Gold Isn’t Always A Hedge or Safe Haven: Gold Stock Trends Have Been Even Worse

For several years we often heard investors suggesting to “buy gold”. We could throw in Silver here, too. They provide many theories about how gold bullion or gold stocks are a “safe haven”. I’ve written about the same assumption in Why Dividend Stocks are Not Always a Safe Haven.

In fact, the Market Vectors Gold Miners ETF website specifically says about the gold stock sector:

“A sector that has historically provided a hedge against extreme volatility in the general financial markets”.

Source: http://www.vaneck.com/gdx/

When investors have expectations about an outcome, or expect some cause and effect relationship, they expose themselves in the possibility of a loss trap. I will suggest the only true “safe haven” is cash. 

Below is a 4 year chart of two gold stock ETFs relative to the Gold ETF. First, let’s examine the index ETFs we are looking at. Of course, the nice thing about ETFs in general is they are liquid (traded like a stock) and transparent (we know what they hold).

GLD: SPDR Gold “Shares offer investors an innovative, relatively cost efficient and secure way to access the gold market. SPDR Gold Shares are intended to offer investors a means of participating in the gold bullion market without the necessity of taking physical delivery of gold, and to buy and sell that interest through the trading of a security on a regulated stock exchange.”

GDX: Market Vectors Gold Miners ETF: “The investment seeks to replicate as closely as possible, before fees and expenses, the price and yield performance of the NYSE Arca Gold Miners Index. The fund normally invests at least 80% of its total assets in securities that comprise the Gold Miners Index. The Gold Miners Index is a modified market-capitalization weighted index primarily comprised of publicly traded companies involved in the mining for gold and silver.”

GDXJ: Market Vectors Junior Gold Miners ETF seeks to replicate as closely as possible, before fees and expenses, the price and yield performance of the Market Vectors Global Junior Gold Miners Index. The Index is intended to track the overall performance of the gold mining industry, which may include micro- and small capitalization companies.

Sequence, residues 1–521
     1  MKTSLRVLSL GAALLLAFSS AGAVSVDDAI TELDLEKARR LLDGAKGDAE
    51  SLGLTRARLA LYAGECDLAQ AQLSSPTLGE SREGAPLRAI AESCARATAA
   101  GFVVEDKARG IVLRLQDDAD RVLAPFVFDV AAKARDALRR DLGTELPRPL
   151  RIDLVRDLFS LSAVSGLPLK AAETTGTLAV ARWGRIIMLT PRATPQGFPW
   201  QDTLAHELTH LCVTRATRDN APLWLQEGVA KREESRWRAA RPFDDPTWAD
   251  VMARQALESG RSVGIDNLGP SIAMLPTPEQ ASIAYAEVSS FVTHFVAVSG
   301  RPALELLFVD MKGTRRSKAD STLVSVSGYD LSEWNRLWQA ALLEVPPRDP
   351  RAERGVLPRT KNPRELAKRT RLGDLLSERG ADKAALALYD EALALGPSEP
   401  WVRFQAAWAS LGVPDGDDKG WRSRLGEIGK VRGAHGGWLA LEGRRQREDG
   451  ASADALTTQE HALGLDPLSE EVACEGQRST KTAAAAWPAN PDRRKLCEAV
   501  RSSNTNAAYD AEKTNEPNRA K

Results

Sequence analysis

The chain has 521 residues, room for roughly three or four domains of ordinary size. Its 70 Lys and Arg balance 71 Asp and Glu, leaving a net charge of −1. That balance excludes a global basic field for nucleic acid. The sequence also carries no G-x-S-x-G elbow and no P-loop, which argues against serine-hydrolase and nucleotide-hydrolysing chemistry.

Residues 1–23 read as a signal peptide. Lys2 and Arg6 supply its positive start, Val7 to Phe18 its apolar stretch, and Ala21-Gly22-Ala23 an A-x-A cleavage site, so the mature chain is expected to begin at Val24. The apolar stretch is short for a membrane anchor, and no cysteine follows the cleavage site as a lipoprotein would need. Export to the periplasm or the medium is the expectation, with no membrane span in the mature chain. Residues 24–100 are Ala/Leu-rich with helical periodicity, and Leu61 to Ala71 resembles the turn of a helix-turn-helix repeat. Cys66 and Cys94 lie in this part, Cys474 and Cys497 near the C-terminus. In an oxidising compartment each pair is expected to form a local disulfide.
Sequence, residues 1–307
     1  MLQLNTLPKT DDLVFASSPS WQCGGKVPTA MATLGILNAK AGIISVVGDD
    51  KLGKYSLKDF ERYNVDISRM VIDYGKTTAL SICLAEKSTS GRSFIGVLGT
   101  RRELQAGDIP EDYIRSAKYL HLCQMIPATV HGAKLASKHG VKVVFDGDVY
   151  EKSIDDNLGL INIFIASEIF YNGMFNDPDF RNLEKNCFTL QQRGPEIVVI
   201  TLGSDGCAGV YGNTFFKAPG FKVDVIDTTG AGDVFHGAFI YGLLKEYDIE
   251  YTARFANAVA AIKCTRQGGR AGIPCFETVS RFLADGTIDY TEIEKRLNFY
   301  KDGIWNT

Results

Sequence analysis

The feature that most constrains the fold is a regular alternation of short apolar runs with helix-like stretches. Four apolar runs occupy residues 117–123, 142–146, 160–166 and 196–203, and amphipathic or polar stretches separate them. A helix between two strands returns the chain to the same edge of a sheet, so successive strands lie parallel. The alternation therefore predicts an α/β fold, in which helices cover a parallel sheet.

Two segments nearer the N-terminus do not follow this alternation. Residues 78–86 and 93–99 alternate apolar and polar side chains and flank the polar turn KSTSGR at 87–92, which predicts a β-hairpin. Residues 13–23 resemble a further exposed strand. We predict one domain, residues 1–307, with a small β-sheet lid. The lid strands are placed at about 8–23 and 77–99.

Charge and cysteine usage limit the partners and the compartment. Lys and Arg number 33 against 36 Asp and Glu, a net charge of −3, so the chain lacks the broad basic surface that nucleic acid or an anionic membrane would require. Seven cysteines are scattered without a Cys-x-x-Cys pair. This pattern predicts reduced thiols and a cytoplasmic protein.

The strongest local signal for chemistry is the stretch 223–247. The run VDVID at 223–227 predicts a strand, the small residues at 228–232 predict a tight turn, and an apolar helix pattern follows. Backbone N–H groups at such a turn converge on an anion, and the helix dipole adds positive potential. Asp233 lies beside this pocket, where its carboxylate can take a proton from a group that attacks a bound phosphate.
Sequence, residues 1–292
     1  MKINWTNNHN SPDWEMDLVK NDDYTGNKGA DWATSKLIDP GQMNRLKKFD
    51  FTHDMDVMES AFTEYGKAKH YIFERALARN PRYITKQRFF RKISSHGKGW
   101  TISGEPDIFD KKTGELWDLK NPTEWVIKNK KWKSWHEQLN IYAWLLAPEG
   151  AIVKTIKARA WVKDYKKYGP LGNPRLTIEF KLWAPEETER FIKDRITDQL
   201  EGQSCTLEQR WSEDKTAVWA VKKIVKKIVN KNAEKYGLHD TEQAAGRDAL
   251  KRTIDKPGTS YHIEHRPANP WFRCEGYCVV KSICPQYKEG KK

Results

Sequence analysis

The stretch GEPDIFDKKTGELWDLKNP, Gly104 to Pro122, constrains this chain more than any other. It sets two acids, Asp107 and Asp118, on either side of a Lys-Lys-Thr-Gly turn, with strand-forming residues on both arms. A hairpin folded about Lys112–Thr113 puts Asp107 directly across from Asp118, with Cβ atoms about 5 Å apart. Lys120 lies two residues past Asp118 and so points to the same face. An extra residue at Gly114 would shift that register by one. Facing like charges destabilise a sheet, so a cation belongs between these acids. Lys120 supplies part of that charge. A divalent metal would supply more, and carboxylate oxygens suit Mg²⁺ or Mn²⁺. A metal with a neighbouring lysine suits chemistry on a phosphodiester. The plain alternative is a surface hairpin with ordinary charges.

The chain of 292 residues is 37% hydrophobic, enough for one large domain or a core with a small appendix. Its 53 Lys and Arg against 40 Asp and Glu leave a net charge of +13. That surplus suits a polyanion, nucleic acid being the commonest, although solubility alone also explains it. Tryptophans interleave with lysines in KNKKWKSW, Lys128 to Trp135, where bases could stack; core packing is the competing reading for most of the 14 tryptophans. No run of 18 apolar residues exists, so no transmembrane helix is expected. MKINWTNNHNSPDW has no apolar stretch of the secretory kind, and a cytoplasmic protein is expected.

Gold stocks vs Gold

Source: Shell Capital Management, LLC created with http://www.stockcharts.com

Clearly, gold has not been a “safe haven” or “provided a hedge against extreme volatility in the general financial markets”. It has instead demonstrated its own extreme volatility within an extreme downward price trend.

Further, gold mining stocks have significantly lagged the gold bullion index itself.

These ETFs have allowed for the trading of gold and gold stocks, SPDR Gold explains it well:

“SPDR Gold Shares represent fractional, undivided beneficial ownership interests in the Trust, the sole assets of which are gold bullion, and, from time to time, cash. SPDR Gold Shares are intended to lower a large number of the barriers preventing investors from using gold as an asset allocation and trading tool. These barriers have included the logistics of buying, storing and insuring gold.”

However, this is a reminder that markets do not always play out as expected. The expectation of a “safe haven” or “hedge against extreme volatility” is not a sure thing. Markets may end up much worst that you imagined they could.  As many global and U.S. markets have been declining, you can probably see why I think it’s important to manage, direct, limit, and control exposure to loss. Though, not everyone does it well. It isn’t a sure thing…

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For informational and educational purposes only, not a recommendation to buy or sell and security, fund, or strategy. Past performance and does not guarantee future results. Please click the links provide for specific risk information about the ETFs mentioned. Please visit this link for important disclosures, terms, and conditions.

Trends, Countertrends, in the U.S. Dollar, Gold, Currencies

Trend is a direction that something is moving, developing, evolving, or changing. A trend is a directional drift, one way or another. When I speak of price trends, the directional drift of a price trend can be up, down, or sideways.